Between 1 April and 1 August 1973, the 189th Anti-Aircraft Rocket Regiment was reorganized into the 140th Anti-Aircraft Rocket Brigade, inheriting the traditions of the regiment. In 1976, the brigade was relocated to Trzebień in Poland as part of the Northern Group of Forces, directly subordinated to the group headquarters.[9] In 1992, after the end of the Cold War and the dissolution of the Soviet Union, the brigade became part of the Russian Ground Forces and was withdrawn from Poland to Drovyanaya in Chita Oblast, joining the 36th Army. In 1994 it was relocated to Domna.[10] The brigade celebrates its anniversary on 6 October, the date of the formation of the 66th Division.[5] Since 2010, it has been part of the 29th Army. The brigade includes three anti-aircraft rocket battalions with the Buk missile system.[11]

CommandersEdit

The following officers have commanded the brigade and its predecessor units:[5]

  • Colonel Ivan Korotkikh (6 October 1943–c. 10 May 1944)[12]
  • Major General Sergey Sazonov (appointed 11 May 1944–October 1946)[12][3][13]
  • Colonel Viktor Okorokov (October 1946–July 1947)[13]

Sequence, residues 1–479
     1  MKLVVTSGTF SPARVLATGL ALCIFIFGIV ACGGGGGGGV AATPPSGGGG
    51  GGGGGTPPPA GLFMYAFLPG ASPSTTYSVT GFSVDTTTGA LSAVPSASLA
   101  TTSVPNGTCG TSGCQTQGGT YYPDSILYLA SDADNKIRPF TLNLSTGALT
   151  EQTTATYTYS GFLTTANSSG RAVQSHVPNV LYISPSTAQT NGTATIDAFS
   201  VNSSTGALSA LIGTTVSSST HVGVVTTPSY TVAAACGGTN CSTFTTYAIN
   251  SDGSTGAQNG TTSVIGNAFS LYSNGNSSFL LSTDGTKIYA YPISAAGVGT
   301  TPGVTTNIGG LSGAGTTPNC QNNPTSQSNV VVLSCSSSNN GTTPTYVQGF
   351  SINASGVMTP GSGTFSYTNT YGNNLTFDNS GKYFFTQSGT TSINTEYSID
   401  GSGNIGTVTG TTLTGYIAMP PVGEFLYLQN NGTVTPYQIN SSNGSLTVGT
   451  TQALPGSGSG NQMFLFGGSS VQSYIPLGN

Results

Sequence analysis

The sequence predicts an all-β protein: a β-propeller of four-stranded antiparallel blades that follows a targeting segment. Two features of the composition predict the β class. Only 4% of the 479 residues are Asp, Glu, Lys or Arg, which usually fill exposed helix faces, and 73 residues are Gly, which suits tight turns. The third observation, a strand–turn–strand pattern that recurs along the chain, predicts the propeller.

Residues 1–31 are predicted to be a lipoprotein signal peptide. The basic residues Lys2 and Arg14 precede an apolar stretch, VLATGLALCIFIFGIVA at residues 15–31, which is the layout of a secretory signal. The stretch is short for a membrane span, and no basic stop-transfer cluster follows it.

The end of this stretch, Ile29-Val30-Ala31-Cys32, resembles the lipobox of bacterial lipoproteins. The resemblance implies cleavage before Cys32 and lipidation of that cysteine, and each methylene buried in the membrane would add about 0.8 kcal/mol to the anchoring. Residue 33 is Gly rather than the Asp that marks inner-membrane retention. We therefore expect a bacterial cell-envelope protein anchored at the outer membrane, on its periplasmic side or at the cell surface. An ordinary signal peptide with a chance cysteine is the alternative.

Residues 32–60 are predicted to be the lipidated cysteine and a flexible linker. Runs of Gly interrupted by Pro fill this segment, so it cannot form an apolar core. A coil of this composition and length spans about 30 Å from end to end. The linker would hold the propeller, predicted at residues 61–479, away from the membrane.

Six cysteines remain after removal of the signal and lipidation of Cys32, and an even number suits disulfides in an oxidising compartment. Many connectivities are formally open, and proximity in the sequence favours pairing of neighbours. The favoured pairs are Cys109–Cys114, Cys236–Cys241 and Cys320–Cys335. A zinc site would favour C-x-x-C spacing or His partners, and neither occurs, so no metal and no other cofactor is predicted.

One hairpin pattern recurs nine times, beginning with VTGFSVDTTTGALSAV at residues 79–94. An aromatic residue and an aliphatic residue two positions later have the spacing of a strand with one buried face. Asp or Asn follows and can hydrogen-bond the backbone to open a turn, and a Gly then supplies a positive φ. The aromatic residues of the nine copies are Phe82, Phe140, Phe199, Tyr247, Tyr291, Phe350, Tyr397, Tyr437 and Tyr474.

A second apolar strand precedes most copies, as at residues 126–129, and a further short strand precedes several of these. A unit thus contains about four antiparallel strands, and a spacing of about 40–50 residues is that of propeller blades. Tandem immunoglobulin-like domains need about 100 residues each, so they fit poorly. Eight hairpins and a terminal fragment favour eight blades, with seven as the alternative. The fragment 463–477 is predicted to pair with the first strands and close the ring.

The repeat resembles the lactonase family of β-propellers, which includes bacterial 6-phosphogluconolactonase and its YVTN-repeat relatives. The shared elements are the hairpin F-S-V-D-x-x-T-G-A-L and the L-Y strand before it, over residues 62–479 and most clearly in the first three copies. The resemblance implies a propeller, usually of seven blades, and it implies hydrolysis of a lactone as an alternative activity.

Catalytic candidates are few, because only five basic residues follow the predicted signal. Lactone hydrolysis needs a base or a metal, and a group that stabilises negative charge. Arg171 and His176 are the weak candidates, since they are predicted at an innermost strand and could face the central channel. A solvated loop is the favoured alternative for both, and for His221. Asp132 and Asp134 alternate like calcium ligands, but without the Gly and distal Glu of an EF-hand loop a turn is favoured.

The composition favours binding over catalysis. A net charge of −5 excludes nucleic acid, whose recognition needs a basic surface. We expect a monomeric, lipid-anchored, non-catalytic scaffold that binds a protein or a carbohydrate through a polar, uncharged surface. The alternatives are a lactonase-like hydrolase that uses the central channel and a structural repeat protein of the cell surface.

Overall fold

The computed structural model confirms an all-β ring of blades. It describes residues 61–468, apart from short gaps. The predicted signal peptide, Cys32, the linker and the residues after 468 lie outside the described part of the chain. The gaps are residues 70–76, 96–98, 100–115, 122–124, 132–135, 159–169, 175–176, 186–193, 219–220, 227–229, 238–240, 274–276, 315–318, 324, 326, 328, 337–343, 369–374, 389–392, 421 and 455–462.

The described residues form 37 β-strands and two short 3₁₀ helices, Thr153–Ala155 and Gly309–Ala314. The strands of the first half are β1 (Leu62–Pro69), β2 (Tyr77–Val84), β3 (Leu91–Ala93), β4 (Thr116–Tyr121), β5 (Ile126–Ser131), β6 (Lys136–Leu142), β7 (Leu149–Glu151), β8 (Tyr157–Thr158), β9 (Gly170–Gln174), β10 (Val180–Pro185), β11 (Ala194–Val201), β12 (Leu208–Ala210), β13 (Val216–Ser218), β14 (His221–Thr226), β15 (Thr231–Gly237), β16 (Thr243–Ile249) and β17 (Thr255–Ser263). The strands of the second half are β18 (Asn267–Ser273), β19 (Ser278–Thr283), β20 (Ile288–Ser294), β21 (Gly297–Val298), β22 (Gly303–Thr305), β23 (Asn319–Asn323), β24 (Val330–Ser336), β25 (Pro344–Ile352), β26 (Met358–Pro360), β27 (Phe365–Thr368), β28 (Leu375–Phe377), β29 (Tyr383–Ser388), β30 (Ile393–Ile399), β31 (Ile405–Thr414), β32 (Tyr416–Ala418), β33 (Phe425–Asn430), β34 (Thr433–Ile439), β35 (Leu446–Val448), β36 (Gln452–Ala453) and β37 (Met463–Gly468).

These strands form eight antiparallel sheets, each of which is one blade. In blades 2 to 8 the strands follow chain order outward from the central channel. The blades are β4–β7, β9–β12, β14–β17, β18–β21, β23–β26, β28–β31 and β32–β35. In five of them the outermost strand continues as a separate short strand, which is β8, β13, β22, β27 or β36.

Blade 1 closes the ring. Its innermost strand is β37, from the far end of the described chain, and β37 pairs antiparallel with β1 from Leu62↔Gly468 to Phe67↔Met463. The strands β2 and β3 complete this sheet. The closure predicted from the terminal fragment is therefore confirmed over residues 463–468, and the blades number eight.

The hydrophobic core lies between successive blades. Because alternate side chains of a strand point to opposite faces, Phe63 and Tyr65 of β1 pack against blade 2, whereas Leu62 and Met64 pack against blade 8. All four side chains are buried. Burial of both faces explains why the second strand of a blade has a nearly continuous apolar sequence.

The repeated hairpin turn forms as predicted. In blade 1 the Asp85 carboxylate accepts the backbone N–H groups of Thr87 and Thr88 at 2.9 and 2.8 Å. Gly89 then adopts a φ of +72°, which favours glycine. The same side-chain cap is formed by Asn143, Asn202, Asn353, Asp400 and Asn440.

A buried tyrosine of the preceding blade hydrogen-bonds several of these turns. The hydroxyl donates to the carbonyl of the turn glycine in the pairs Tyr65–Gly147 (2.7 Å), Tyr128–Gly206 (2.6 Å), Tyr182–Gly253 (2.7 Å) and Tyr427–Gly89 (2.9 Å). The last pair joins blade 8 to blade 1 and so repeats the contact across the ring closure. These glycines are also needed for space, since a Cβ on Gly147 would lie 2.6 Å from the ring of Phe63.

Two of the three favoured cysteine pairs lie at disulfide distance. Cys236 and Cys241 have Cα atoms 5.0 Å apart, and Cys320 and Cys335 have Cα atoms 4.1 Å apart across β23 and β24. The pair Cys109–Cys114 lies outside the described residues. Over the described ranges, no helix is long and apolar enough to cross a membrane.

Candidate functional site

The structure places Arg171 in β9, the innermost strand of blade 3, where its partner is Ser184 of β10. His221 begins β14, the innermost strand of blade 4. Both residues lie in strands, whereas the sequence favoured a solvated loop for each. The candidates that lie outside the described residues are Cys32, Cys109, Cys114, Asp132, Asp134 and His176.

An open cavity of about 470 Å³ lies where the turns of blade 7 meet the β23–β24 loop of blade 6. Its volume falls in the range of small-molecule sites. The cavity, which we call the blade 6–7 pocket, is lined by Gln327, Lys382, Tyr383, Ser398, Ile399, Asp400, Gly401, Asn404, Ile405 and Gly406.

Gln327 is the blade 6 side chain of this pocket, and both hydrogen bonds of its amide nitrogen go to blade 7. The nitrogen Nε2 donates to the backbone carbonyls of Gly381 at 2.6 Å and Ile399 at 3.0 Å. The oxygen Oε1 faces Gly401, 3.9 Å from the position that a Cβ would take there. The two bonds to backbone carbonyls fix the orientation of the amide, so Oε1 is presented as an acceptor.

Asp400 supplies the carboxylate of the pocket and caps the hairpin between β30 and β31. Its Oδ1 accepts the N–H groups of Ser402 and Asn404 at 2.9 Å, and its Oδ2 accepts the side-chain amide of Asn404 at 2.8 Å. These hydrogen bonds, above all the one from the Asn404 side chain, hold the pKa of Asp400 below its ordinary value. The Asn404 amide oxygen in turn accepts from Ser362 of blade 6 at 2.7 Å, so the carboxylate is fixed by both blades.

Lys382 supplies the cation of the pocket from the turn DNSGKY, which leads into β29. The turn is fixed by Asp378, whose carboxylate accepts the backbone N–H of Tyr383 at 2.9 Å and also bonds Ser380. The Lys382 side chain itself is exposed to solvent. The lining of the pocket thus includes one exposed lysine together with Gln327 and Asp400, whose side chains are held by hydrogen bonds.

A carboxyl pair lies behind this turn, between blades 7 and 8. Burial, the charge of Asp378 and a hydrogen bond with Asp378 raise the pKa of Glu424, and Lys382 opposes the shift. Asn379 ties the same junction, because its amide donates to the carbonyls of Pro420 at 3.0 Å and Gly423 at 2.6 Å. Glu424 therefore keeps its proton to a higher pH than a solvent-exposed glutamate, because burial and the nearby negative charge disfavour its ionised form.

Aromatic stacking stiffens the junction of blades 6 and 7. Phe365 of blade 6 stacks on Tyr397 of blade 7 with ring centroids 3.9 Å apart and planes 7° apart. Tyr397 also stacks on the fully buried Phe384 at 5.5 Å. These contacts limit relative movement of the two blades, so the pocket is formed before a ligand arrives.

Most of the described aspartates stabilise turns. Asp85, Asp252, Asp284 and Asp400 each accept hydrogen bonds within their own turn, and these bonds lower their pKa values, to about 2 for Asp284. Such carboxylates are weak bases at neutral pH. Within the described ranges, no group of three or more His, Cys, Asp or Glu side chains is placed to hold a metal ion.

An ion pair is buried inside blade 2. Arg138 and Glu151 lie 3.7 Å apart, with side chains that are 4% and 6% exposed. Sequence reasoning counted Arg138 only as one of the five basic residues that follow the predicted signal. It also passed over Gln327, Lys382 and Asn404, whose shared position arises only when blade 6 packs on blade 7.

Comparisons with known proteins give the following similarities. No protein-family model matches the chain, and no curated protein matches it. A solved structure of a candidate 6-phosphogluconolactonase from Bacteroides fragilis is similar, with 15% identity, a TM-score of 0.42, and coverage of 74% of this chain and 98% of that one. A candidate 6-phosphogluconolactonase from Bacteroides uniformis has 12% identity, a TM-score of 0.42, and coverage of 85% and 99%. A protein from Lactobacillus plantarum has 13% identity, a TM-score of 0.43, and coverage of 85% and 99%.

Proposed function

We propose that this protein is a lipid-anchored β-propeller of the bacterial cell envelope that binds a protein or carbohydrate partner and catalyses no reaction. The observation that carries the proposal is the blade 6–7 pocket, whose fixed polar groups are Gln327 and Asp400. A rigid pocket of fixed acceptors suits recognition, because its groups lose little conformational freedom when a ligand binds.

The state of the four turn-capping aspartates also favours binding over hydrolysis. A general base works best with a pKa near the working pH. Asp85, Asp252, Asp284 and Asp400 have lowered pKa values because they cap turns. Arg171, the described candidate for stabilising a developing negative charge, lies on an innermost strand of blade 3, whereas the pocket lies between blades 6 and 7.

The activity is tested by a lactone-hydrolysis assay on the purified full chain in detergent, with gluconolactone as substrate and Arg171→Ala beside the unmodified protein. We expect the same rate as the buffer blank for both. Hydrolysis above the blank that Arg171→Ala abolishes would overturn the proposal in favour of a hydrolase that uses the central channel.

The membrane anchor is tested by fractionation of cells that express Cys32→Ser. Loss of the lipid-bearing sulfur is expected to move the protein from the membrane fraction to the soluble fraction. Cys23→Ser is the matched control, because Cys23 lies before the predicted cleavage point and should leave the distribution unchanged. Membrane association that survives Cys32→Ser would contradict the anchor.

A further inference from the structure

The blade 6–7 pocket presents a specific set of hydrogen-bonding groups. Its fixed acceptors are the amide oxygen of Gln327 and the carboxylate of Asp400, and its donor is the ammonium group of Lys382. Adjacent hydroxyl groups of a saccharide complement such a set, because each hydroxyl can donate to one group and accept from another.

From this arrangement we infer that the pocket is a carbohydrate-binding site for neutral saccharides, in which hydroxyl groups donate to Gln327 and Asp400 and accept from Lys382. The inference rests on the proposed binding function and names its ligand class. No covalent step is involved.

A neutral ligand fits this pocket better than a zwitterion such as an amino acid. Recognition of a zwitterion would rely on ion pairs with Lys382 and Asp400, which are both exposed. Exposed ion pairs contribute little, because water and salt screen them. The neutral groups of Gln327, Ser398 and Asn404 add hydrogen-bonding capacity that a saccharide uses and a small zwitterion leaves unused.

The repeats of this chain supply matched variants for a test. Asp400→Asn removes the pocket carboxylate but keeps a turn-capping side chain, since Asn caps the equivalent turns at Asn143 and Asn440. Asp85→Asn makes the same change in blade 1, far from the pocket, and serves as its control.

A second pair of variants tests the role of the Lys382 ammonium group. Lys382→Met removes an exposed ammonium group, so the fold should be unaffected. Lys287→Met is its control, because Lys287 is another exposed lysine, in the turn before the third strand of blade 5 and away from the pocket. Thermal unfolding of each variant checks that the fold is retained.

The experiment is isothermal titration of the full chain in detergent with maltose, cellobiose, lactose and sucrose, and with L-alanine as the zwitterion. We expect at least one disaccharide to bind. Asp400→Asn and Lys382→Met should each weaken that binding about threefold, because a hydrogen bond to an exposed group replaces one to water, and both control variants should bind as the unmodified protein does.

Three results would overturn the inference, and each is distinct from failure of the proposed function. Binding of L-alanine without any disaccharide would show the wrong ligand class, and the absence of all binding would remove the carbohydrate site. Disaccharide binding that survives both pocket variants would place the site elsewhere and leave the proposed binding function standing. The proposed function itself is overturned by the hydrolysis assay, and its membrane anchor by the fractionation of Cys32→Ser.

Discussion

• Colonel Pyotr Shelko (July 1947–before November 1951)[14]
  • Colonel M.A. Yegorov (1948–1952)
  • Colonel N.A. Karandeyev (1954–1959)
  • Colonel A.F. Kostenko (1959–1960)
  • Colonel V.M. Polevichny (1960–1965)
  • Lieutenant Colonel G.S. Machikhin (1965–1967)
  • Colonel V.V. Kiselev (1967–1970)
  • Colonel A.A. Leonov (1970–1972)
  • Colonel A.V. Dianov (1972–1973)
  • Lieutenant Colonel V.A. Shevtsov (1973–1976)
  • Lieutenant Colonel Yu. A. Dorokhov (1976–1977)
  • Colonel N.N. Gavrishchitsin (1977–1983)
  • Colonel Ye. F. Frolov (1983–1985)
  • Lieutenant Colonel V. Yu. Babayev (1985–1988)
  • Colonel A.K. Serebryannikov (1988–1989)
  • Colonel V.N. Tarakanov (1989–1992)
  • Colonel V.G. Orlov (1992–1994)
  • Colonel A.D. Volkov (1994–1995)
  • Colonel V.I. Filippov (1995–1997)
  • Colonel M.M. Belov (1997–1999)
  • Colonel O.I. Belokopytov (1999–2000)
  • Colonel P. Ye. Brykin (2000–2010)
  • Colonel Alexey Kovynov (2013–present)

ReferencesEdit

CitationsEdit

  1. Gurkin et al. 1972, p. 293.
  2. Golotyuk & Tsapayev 2012, p. 225.
  3. 3.0 3.1 Golotyuk & Tsapayev 2012, p. 344.
  4. Gurkin et al. 1988, p. 190.
  5. 5.0 5.1 5.2 5.3 5.4 5.5 "Бригады ПВО СВ" (in Russian). Ministry of Defense of the Russian Federation. 24 December 2015. http://mil.ru/files/files/pvo100/page80289.html#rec3446513. 
  6. Gurkin et al. 1988, p. 312.
  7. Gurkin et al. 1990, p. 44.
  8. Gurkin et al. 1990, p. 79.
  9. Feskov et al 2013, p. 410.
  10. Holm, Michael. "140th Anti-Aircraft Missile Brigade". http://www.ww2.dk/new/army/zrbr/140zrbr.htm. 
  11. "Восточный военный округ" (in ru-ru). http://milkavkaz.com/index.php/voorujonnie-cili-racii/vo-cv/vvo. 
  12. 12.0 12.1 Main Personnel Directorate of the Ministry of Defense of the Soviet Union 1964, p. 392.
  13. 13.0 13.1 Golotyuk & Tsapayev 2012, p. 303.
  14. Golotyuk & Tsapayev 2012, p. 444.

BibliographyEdit